On a recent trip to Washington state's hottest wine country (both in terms of temperature and explosive growth; the "next Napa Valley" is home to more than 100 vintners), I tasted some great wine, but that's not what I came home with. My trunk was loaded with 55 pounds of Walla Walla Sweets.
Before world-class cabernet, merlot and other Euro-riffic varietals were being produced in this corner of the state, Walla Walla was all about the onion. Many of the small Mom-and-Pop farms started by Italian immigrants are still in operation today, the fruits of their labors for sale in roadside stands heading east of the town so nice, they named it twice. I bought my big bags of onions at Cavalli's Onion Acres Farm and Castoldi's.
While visiting, I wondered why more restaurants didn't give the Sweets star treatment they richly deserve. I enjoyed a French onion soup at Brasserie 4, but the local veg connection wasn't mentioned on the menu. There was a Walla Walla Sweet Onion Tart on the menu at Whitehouse Crawford, but by the time I wandered in after dinner, I was in the mood for dessert. And, drat, there was no Walla Walla Sweet Onion sorbet offered.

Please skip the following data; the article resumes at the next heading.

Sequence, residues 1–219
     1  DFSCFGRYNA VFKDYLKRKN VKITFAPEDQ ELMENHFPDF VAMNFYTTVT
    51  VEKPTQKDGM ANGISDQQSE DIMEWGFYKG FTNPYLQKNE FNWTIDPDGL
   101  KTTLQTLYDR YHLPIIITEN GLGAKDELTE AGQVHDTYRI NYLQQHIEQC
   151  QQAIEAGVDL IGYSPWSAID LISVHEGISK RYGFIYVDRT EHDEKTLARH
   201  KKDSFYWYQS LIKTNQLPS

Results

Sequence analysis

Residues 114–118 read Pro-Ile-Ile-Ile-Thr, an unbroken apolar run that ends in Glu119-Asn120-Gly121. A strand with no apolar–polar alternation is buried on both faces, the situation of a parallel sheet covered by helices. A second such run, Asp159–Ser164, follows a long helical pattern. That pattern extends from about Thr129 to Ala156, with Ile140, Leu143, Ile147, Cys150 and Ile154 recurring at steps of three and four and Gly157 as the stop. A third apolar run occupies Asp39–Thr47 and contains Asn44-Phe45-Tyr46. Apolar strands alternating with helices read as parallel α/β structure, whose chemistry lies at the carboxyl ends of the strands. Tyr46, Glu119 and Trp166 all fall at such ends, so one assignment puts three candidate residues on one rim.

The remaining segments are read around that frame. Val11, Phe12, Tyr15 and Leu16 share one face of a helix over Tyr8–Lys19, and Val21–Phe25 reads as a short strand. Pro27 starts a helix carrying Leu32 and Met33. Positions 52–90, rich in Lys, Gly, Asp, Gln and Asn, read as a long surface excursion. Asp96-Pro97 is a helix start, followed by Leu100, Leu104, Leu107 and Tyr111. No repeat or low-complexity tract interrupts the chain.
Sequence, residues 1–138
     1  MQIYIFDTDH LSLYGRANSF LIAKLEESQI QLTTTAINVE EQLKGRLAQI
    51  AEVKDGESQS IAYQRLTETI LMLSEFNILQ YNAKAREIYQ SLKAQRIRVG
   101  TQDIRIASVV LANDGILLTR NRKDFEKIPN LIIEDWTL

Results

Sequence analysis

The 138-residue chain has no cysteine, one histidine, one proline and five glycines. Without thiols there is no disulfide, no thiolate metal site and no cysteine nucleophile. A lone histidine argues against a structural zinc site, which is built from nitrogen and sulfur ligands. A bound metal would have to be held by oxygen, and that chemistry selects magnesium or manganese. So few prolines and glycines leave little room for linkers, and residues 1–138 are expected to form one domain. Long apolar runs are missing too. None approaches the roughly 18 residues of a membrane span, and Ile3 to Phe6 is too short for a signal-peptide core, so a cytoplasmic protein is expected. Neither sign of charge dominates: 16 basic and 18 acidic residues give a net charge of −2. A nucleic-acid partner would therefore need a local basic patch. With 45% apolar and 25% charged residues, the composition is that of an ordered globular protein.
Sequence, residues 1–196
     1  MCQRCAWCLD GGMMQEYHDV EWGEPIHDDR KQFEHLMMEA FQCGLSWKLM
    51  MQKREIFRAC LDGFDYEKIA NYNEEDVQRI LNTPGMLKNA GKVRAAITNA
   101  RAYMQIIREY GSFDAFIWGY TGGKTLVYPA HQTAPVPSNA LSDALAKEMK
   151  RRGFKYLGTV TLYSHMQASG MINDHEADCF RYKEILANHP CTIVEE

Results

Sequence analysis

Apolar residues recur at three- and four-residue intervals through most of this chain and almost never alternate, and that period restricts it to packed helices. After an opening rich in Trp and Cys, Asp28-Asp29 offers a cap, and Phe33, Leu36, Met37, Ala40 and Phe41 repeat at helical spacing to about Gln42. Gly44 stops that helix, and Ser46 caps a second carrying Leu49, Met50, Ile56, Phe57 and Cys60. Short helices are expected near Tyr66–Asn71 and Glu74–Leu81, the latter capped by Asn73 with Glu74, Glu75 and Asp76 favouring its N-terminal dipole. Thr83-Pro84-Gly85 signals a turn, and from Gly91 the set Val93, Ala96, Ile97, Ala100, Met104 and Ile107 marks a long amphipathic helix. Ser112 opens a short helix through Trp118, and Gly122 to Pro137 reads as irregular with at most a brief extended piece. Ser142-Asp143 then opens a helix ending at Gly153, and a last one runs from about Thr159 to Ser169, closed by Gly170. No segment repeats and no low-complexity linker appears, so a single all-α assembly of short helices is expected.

The very best dish I tried featuring local onions was the Walla Walla taco at La Monarca, a truck that routinely parks at the corner of Rose and 11th. Vibrantly seasoned carne asada, grilled onions, and a fat slice of avocado were piled on top of a couple of corn tortillas. The ingredients tasted so fresh and the single taco was just $1.50. (Reinforcing the reason we all love the best taco trucks, right?)
During this year's Walla Walla Sweet Onion Festival, organizers have added a new attraction called the Sweet Skip, where onion lovers can wander around downtown July 18 and graze on savory stuff made from Sweets. Wonder if anybody plans on churning some Walla Walla Sweet Onion Ice Cream with a sprinkle of candied bacon on top? I'd eat that!
In the meantime, I'd love some onion-centric recipes. I've still got about 40 pounds.